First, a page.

Frans-Jan W. Parmentier, Arctic Climate Change Researcher

Dr. Frans-Jan W. Parmentier
Department of Geosciences
University of Oslo
Postboks 1022 Blindern
0315 Oslo, Norway
&
Department of Physical Geography and Ecosystem Science
Lund University, Sweden
Sölvegatan 12
223 62 Lund, Sweden

Research Interests and Experience
The Arctic is changing at a rapid pace. Temperatures rise at more than twice the global rate, and sea ice and snow cover losses are unprecedented. These highly visible changes impact the growth of vegetation and lead to the thaw of permafrost – frozen ground containing immense amounts of carbon. This can cause a large release of greenhouse gases from the Arctic, which would worsen climate change. However, the timing and magnitude of such a release is highly uncertain since the above-mentioned processes are connected in complex and often unexpected ways. In my research, I explore the interactions among these processes with computer models, and aim to improve these models with what we learn from observations.
Currently, I'm leading the Norwegian-Swedish research project 'WINTERPROOF' which focuses on model representations of snow-vegetation-permafrost interactions and associated arctic climate feedbacks, funded by both the Norwegian and Swedish Research Councils. This project will start in the summer of 2018, will last for four years, employ two PhD students, and involves a collaboration with numerous institutions from Norway, Sweden, Denmark, Germany and France.
In addition to these research interests, I contribute to expert assessments of AMAP, a working group of the Arctic Council. I coordinated a chapter on the 2015 report on methane and I'm a lead author on the SWIPA 2017 assessment. I'm also a member of the Permafrost Carbon Network, the Global Carbon Project and Winternet, and regularly write columns about climate change for the Norwegian newspaper Klassekampen.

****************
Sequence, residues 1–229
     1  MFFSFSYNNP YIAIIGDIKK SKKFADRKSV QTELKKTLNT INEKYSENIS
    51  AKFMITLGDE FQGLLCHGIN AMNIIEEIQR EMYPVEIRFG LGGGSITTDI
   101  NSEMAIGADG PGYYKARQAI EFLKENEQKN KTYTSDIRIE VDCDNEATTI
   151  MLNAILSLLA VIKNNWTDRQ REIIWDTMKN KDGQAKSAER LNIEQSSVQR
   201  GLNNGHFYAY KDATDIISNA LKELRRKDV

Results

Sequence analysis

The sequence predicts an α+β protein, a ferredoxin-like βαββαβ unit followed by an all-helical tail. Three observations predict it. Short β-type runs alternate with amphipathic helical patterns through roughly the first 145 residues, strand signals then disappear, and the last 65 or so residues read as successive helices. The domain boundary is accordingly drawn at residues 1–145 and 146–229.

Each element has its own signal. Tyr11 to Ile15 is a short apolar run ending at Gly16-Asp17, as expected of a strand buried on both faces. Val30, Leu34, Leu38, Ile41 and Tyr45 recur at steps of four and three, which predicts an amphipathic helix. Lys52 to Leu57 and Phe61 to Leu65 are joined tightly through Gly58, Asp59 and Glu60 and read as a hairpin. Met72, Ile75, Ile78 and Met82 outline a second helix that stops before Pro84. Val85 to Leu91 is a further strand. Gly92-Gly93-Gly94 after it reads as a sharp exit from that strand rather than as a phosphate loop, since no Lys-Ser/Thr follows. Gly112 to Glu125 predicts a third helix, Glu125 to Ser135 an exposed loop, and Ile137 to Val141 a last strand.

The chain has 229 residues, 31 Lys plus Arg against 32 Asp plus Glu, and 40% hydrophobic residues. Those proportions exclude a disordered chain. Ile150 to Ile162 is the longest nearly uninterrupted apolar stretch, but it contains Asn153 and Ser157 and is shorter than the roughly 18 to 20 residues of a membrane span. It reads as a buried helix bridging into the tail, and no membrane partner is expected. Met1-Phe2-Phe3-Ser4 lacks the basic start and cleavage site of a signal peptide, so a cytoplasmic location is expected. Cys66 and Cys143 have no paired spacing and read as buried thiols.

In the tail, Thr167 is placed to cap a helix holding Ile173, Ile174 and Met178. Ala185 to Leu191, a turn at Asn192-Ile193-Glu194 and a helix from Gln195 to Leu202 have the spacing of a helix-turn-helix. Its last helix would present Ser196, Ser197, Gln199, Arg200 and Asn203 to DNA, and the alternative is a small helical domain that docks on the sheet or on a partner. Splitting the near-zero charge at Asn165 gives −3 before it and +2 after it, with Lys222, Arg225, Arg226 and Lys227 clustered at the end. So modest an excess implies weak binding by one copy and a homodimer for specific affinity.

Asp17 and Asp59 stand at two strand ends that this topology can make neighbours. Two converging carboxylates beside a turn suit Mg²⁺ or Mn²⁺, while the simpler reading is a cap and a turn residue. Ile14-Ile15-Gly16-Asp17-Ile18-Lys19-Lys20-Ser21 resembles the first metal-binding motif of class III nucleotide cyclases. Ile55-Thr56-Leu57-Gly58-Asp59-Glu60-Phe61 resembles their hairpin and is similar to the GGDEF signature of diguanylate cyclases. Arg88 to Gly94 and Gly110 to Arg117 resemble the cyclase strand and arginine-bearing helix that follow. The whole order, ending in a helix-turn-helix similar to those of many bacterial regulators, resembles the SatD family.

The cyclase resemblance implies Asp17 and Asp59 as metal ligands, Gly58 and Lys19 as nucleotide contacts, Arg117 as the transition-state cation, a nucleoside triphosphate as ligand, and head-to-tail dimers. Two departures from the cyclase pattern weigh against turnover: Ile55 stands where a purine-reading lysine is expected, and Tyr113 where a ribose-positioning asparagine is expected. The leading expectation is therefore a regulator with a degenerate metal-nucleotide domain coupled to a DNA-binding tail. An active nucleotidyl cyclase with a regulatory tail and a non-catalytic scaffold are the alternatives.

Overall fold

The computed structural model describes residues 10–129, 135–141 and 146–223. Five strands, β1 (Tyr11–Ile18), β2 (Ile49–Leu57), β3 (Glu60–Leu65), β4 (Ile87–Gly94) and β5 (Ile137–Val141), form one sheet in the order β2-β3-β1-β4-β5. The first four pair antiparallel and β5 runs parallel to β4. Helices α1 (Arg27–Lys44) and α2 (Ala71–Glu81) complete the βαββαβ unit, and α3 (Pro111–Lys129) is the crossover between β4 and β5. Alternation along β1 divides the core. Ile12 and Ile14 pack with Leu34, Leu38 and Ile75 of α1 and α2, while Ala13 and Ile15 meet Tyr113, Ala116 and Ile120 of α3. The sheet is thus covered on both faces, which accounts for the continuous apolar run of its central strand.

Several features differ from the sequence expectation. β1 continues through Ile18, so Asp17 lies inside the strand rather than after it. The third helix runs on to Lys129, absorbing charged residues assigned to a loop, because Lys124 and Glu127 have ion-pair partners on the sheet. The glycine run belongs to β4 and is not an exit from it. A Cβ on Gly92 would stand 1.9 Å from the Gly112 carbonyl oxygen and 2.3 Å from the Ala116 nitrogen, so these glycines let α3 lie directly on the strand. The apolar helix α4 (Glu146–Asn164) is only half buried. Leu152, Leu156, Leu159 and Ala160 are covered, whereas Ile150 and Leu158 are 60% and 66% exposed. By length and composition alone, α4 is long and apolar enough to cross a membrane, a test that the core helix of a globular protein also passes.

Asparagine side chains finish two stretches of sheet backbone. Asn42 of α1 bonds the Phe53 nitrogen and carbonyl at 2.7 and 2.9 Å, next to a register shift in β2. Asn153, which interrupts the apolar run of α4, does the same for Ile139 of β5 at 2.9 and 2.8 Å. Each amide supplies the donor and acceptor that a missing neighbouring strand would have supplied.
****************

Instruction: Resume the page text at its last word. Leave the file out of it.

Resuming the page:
Adventdalen on Svalbard, one of my main fieldwork areas. The cottongrass (Eriophorum scheuchzeri) pictured in the foreground plays an important role in the production and emission of the potent greenhouse gas methane.
Past Positions
In the past, I've worked at several institutes in Scandinavia and the Netherlands. I received my PhD from the Vrije Universiteit Amsterdam in the Netherlands for my research on the drivers of greenhouse gas exchange from tundra, for which I frequently visited the Kytalyk nature reserve in northeast Siberia to do fieldwork. I was a postdoc at Lund University in Sweden, where I studied connections between the arctic carbon cycle and sea ice decline – since the latter plays an important role in the amplified warming of the region.
I worked in Lund for five years, during which I was also a visiting researcher at Aarhus University in Denmark. After receiving a small grant, I worked on my own project at the Norwegian Research Institute Nibio, studying the influence of winter extremes on the carbon cycle. Thereafter, I took on a research position at UiT – The Arctic University of Norway in Tromsø to study snow-vegetation-permafrost interactions in the Adventdalen valley on Svalbard. Since July 2018, I'm back at Lund University in a joined research position with the University of Oslo.
Selected Publications
Here is a small selection of the 32 papers I have published in peer-reviewed scientific journals. The full list of publications is available on this site, as well as through Google Scholar.
Reviews
I have reviewed for the following journals (among others): Nature Climate Change, Global Change Biology, Geophysical Research Letters, Environmental Research Letters, Nature Communications, Biogeosciences, Atmospheric Chemistry and Physics, The Cryosphere, Journal of Geophysical Research: Biogeosciences, and Agricultural and Forest Meteorology. See also my Publons profile for more information on this.